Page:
Turning his back on DAMS, and the leadership of Driot and Sicard that had handed two career lifelines, was no easy decision.
“For Alex, he seemed to approach the position with an extremely lucid mind,” explains Chapman, who could use his background in employment law to assist Albon through the complexity of the contracts he literally had on the table.
“Perhaps just as he knew he had to embrace the early season 2018 opportunity in DAMS to get the full season deal, he immediately knew that whilst a short term deal in F1 might be a riskier financial choice than a long-term deal in FE, it would to him simply be an opportunity he had to embrace.
“That said, he fully respected and understood his contractual position, so it was down to others to see if his release from e-dams could be achieved. But if it could, Alex had not a moment’s hesitation about where he wanted to race. That the decision may have be seen as a financial risk by some is to miss that Alex’s boyhood dream – to race in F1 – was potentially on offer, and he knew that to be true to himself he had to explore that opportunity.
“Was it a brave decision? Undoubtedly, but would one expect any less from a racing driver who’s arguably as brave as you get?”
That bravery has been rewarded twice, with a promotion to Red Bull until the end of 2019, but he has no contract for next year.
When Albon signed for Toro Rosso he had yet to sample F1 machinery, but he very quickly looked at home in the team’s 2019 challenger during the Barcelona pre-season tests – despite his first run only lasting four corners before the car stopped.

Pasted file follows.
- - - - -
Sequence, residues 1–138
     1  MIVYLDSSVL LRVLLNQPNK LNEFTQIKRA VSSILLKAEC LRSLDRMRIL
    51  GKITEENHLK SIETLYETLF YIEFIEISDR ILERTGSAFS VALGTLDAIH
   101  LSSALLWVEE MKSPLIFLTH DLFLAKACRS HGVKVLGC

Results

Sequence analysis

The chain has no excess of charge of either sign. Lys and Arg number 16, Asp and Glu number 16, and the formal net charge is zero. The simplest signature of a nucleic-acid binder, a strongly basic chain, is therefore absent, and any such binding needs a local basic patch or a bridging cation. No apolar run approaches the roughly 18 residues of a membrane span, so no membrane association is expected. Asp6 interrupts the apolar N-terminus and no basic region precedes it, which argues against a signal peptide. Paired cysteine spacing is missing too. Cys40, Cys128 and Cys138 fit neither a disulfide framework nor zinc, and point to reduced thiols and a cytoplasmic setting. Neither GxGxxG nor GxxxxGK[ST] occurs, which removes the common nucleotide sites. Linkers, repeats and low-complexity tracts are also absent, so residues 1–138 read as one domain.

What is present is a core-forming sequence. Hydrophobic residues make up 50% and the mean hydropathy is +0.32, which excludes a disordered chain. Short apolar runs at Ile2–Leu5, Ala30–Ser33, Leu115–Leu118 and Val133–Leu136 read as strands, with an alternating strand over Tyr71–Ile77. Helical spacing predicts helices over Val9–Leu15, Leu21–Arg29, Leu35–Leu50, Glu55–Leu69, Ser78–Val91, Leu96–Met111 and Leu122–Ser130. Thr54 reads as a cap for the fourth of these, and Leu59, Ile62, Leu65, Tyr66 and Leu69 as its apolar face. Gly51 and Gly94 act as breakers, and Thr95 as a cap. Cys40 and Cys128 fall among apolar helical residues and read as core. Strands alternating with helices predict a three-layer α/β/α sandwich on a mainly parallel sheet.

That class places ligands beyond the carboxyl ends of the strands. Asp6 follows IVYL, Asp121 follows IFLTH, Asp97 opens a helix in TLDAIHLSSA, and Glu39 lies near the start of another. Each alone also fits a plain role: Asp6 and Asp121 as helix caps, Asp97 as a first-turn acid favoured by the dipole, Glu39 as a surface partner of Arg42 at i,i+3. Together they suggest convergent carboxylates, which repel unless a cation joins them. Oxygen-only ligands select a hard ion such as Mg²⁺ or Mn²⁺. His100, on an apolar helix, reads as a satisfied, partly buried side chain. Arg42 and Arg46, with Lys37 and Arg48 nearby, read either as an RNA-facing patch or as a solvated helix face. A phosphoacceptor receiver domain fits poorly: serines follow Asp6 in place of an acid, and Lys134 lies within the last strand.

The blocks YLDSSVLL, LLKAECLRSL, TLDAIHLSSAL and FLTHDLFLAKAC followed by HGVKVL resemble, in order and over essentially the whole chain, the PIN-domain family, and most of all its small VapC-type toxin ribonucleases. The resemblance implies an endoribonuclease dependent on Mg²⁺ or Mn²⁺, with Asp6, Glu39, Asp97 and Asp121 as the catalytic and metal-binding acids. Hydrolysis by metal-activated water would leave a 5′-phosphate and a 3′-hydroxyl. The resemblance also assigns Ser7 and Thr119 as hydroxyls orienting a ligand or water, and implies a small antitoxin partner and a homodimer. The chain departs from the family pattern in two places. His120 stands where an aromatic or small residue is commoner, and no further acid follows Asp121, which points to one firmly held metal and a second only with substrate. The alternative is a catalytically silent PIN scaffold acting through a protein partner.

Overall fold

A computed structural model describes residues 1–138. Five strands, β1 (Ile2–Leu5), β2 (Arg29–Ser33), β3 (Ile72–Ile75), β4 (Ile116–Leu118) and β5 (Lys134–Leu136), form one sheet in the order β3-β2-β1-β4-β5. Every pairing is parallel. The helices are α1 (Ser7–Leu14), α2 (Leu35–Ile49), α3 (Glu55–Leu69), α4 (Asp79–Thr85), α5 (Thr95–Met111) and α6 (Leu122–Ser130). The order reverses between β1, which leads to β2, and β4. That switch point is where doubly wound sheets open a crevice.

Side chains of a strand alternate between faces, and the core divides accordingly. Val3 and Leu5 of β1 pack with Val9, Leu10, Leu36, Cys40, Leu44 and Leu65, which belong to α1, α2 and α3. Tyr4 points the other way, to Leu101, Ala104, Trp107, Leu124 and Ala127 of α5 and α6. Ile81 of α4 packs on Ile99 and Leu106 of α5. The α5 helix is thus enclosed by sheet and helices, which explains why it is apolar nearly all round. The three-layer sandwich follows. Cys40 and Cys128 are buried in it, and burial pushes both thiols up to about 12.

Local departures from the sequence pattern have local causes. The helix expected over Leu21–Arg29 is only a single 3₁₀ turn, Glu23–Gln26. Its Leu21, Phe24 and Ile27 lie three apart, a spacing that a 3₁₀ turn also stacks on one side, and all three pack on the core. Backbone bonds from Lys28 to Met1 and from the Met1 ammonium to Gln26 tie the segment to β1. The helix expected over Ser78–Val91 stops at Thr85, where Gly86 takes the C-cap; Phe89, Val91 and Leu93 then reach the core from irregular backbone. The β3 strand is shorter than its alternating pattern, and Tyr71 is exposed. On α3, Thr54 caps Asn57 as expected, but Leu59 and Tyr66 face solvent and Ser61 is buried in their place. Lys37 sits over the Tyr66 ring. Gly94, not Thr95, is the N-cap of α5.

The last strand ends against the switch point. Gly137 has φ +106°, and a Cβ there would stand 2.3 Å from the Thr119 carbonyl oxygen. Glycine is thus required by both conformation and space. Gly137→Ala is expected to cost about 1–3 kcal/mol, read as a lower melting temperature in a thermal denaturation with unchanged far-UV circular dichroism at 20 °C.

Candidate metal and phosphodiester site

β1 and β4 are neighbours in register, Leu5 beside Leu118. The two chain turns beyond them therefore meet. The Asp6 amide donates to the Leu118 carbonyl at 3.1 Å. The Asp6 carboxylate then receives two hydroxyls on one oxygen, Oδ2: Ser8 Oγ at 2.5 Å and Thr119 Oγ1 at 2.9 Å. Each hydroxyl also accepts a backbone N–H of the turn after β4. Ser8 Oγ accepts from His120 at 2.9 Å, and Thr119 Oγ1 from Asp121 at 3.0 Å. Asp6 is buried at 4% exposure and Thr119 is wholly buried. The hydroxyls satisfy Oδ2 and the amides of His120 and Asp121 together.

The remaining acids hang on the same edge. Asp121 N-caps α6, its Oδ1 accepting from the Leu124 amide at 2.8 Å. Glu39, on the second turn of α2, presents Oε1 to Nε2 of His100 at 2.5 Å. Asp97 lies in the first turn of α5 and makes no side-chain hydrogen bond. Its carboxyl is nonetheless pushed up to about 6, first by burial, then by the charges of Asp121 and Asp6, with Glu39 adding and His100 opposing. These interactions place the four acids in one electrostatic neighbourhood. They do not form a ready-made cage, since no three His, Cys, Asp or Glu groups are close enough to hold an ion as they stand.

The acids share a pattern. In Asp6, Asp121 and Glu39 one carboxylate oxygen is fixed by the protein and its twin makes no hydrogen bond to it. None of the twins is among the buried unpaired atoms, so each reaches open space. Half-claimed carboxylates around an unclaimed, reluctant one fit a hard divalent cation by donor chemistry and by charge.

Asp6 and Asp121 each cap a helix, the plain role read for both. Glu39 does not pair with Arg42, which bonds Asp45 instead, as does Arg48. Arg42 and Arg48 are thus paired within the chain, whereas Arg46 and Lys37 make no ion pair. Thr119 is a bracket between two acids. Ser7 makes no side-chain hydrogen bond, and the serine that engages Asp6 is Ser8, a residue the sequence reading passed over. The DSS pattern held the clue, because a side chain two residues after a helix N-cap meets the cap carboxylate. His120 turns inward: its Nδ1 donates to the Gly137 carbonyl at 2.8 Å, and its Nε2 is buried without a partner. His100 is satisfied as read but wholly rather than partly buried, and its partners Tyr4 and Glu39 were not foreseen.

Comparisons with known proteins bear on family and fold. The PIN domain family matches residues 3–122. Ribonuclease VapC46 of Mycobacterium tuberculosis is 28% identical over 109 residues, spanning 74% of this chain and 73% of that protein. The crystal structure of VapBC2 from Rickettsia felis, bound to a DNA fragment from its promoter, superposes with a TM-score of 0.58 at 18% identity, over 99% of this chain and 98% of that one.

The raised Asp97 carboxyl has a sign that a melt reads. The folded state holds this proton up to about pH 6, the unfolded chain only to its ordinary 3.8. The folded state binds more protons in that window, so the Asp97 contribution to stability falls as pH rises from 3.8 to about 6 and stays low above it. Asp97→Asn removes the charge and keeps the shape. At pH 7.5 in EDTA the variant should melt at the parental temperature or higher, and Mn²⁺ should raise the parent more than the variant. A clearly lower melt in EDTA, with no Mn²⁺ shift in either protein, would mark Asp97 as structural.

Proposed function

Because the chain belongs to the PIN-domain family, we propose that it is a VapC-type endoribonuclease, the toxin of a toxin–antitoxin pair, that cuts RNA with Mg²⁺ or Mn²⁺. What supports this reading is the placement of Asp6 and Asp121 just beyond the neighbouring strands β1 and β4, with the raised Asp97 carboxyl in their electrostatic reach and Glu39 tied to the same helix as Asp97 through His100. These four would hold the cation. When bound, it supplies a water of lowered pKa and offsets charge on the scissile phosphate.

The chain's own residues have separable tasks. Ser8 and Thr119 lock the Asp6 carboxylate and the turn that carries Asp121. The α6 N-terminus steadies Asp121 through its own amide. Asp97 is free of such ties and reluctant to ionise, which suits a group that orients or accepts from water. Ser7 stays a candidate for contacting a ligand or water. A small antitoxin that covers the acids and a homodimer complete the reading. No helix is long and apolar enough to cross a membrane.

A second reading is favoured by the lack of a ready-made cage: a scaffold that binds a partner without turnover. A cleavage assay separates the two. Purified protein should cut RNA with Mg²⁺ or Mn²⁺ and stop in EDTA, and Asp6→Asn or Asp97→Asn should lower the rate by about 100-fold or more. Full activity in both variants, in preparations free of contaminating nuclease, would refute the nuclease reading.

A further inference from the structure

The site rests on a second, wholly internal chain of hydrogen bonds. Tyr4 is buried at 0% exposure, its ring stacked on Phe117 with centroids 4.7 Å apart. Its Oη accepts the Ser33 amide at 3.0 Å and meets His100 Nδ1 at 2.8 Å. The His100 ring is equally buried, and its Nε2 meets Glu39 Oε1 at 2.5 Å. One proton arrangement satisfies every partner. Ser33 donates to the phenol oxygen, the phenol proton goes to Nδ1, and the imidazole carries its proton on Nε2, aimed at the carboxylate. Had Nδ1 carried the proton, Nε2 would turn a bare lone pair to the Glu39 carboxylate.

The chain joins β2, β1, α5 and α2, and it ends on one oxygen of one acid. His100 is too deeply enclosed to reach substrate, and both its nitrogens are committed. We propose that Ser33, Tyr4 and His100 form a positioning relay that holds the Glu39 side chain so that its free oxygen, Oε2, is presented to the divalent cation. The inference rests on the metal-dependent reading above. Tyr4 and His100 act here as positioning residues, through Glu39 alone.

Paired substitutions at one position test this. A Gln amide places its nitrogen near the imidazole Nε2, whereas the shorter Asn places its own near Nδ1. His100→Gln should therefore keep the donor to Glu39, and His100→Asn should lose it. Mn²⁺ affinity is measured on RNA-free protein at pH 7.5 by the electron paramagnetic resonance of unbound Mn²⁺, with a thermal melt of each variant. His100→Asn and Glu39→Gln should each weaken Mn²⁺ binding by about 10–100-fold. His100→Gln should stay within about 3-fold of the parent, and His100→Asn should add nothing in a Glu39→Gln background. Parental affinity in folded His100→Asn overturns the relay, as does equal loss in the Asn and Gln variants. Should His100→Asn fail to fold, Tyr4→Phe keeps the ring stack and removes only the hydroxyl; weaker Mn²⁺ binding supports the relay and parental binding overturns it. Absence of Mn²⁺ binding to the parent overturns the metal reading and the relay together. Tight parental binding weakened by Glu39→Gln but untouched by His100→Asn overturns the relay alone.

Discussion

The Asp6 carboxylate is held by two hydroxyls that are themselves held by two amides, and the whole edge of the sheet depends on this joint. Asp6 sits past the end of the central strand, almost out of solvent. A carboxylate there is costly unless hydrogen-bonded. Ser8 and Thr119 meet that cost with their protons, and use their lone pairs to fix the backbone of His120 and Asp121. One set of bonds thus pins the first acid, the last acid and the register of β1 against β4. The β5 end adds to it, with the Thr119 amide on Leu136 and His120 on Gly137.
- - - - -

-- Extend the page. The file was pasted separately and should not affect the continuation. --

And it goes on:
He rebounded by setting 132 laps that day, the highest of any rookie, and went fourth fastest. Team-mate Daniil Kvyat took over the car and ended a 2043-day run of the team not topping a test day, but Albon responded by going even faster.
Lap times do not tell the full story, especially as Toro Rosso went slower during the Spanish Grand Prix weekend, but Albon made an important early impact while Gasly, promoted from the Italian team, crashed and cost Red Bull valuable time.
Albon was a points scorer by his second race, and had already established himself as an equal to Kvyat (now on his third Toro Rosso spell) by the time the feeder series got underway – i.e. when Red Bull could start evaluating its junior drivers for F1.
Several of those 2020 options are now redundant, not least because Albon has excelled to a point where no more is he a short-term solution for a driver shortage – a seat alongside Max Verstappen in a team targeting a title this year as proof of that.
The news of the promotion came in person, during a meeting with Dr Marko at Red Bull’s Austrian headquarters. Initially, Albon thought his summoning to the Styrian Alps was to discuss next year, but 30 minutes in to the meeting he was handed the best surprise of his life.
“There’s a big atmosphere here [at Red Bull], and you can’t ignore it. But at the same time, it’s a chance to prove myself and to be with such a race-winning team,” was Albon’s first impressions of his new drive.
“Just thinking about it now, it’s quite laughable that 12 months ago I was racing race-by-race in Formula 2. November I got the call to be in Toro Rosso and drive for them, and even that felt crazy to me. So coming to now and driving for Red Bull – it’s nuts,”